My Kids Are My Excuse For Making Excuses

But Enough Is Enough!

My Kids Are My Excuse For Making Excuses

I've let my kids become my excuse for making excuses. I used to be the kind of person who accepted invitations with excitement. I'd go to events, even if I didn't know anyone, and I'd make the best of it. It worked to my advantage because the more I said 'yes' to invitations the more things I got invited to. I went on a bunch of press trips, I attended technology conferences, I went to book launches, and film openings. I met amazing people and got to know this city really well.

I did it all on my own—and I loved it! Back then, I didn't like staying home and going to bed early. I liked having plans. I loved going out. And I enjoyed pushing myself outside of my comfort zone.

But then I had kids and I got really "busy" and really tired—and the excuses they just kept coming!

I'd love to go to that event but...

I don't have childcare.

It's too far downtown.

I don't have anyone to go with.

What if I get stuck standing by myself?

I'll have to talk to people.

I'll have to get dressed up.

I just don't have the energy.

I'd love to start my own business, but how will I have enough money/time/energy to make it happen?!

What if it's not profitable?

How will I find the motivation to put in all the work needed to make it a success?

I'd love to go on more dates with my husband, but babysitters are so expensive.

I'd love to see my friends more often, but that requires getting dressed and going out...at the end of the day...when all I really want to do is crawl into bed!

And on and on and on I go.

I used to love doing things—these days all I'm doing is dreaming up reasons not to do things. And frankly I'm sick of it.

I hate that feeling when the day of an event arrives and I know it's happening and I wish I was attending, but instead I'm home in my PJs telling myself that it's easier to stay in and watch Netflix than to make the effort to go out.

Interestingly, I don't make the same excuses when it comes to my kids' activities. We never miss a Saturday morning dance class and we go to all the birthday parties my kiddo is invited to (even if that means going to three in one weekend, like we did over the past few days). Interestingly, I make sure my kids have an amazing social life, but I'm willing to let mine slip.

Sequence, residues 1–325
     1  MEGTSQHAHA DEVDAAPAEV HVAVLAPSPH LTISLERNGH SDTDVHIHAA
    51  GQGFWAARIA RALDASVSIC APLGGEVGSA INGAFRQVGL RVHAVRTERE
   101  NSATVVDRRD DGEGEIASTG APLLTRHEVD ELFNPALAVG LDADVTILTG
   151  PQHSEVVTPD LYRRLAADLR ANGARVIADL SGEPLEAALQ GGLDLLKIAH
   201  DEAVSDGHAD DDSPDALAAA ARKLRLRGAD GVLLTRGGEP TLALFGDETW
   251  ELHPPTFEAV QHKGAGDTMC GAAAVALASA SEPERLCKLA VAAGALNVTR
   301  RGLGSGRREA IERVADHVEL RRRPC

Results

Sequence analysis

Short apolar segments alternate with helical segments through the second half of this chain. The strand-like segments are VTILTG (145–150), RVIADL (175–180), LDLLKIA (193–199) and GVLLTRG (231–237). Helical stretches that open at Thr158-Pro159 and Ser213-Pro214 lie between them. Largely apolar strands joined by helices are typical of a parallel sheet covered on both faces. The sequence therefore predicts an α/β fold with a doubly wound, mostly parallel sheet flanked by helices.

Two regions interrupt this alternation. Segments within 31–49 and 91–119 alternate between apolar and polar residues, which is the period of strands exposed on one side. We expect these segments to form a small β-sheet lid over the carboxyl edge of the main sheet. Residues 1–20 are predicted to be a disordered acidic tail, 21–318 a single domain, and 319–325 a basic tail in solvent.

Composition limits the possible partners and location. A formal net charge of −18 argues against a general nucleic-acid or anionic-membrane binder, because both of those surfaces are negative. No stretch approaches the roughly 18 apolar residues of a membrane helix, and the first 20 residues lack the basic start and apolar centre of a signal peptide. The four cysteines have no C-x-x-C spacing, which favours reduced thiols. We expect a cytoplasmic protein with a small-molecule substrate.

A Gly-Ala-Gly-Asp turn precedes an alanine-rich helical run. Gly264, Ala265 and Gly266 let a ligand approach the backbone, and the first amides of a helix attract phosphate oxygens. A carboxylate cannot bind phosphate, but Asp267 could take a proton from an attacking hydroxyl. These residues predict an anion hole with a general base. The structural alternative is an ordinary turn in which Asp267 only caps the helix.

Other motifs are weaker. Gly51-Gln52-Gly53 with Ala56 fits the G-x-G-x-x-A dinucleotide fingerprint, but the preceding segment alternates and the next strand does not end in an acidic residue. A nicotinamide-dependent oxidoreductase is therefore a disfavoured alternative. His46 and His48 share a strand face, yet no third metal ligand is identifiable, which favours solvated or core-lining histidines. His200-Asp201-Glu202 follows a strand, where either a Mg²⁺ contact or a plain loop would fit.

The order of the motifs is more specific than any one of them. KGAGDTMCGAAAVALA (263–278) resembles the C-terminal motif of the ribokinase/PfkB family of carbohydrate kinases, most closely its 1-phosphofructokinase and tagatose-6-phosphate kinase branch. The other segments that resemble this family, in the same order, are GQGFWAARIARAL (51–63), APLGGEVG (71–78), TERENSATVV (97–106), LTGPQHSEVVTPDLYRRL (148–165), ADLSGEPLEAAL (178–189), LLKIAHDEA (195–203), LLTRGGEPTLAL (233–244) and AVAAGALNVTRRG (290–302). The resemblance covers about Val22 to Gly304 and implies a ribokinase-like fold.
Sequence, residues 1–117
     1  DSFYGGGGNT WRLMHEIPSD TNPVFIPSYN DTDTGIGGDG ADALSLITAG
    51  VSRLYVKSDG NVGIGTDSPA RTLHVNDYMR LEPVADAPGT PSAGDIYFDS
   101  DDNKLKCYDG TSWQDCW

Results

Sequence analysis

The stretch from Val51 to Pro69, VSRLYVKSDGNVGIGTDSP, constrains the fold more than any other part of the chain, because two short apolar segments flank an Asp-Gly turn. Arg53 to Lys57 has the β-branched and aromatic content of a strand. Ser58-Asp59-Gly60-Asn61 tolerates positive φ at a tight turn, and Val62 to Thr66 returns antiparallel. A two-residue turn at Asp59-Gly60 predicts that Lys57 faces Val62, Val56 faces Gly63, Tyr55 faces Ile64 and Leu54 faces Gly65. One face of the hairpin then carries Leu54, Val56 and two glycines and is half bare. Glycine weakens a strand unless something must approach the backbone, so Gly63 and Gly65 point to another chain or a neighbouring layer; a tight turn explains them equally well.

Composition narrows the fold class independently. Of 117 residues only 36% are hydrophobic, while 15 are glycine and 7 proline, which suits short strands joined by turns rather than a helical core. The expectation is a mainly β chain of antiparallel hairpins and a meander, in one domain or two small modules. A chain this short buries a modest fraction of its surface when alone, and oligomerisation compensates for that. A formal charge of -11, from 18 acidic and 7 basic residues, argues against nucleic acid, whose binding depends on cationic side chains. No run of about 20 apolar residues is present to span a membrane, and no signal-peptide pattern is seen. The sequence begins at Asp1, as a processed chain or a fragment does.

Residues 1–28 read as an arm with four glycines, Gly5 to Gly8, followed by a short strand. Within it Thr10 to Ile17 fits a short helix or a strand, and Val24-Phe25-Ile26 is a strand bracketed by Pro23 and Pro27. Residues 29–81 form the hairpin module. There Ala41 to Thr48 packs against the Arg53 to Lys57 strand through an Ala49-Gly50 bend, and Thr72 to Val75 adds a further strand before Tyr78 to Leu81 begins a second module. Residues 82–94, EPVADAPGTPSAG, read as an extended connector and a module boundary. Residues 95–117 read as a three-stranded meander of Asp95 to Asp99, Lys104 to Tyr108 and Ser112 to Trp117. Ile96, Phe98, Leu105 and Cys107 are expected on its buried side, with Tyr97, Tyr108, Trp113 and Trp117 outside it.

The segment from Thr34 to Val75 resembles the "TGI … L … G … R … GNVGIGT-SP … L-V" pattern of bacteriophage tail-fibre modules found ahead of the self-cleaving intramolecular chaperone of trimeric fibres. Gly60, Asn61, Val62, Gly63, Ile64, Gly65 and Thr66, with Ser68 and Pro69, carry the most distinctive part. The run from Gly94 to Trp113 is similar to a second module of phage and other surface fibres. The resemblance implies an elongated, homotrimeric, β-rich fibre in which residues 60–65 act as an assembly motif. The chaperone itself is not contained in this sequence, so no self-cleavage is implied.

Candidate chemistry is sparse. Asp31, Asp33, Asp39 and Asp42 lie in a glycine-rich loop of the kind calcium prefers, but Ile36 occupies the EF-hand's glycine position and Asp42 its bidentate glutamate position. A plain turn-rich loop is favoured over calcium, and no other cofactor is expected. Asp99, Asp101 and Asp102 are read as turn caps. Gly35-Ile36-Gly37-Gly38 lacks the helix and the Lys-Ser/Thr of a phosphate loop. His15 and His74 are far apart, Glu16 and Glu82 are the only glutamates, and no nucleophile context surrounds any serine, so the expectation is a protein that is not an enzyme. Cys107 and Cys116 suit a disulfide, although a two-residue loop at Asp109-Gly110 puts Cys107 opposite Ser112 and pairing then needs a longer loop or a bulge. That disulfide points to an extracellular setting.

It's so easy to fall into this trap. It's so easy to say 'no thanks' or 'maybe next time.'

But I'm SO done with excuses.

I'm going to BlissDom in October! I just secured my ticket. I might even stay over at the hotel for a night.

I'm going to start saying YES to invitations when I get them. So please feel free to invite me to your events!

I'm going to get dressed, dry my hair, and drag myself out of the house. I'm going to start having a life outside of my kids! I deserve it. It's all part of putting myself first.

Does having having kids prevent you from living your life? How do you stop yourself from making excuses? I want to know!

Read all about my plan to start really putting myself first. And, this is an old post I wrote about getting outside and enjoying nature, which I think is relevant because now that the weather is FINALLY nicer I think it's going to be MUCH easier for all of us to stop making excuses and get outside more.

So here's to a spring/summer without any excuses! Are you with me?


Moms: THIS Is What It Means To Put Yourself First

Or What Happened To Me When My Baby Turned One!

Moms: THIS Is What It Means To Put Yourself First

For Every Mom Who Puts Herself Last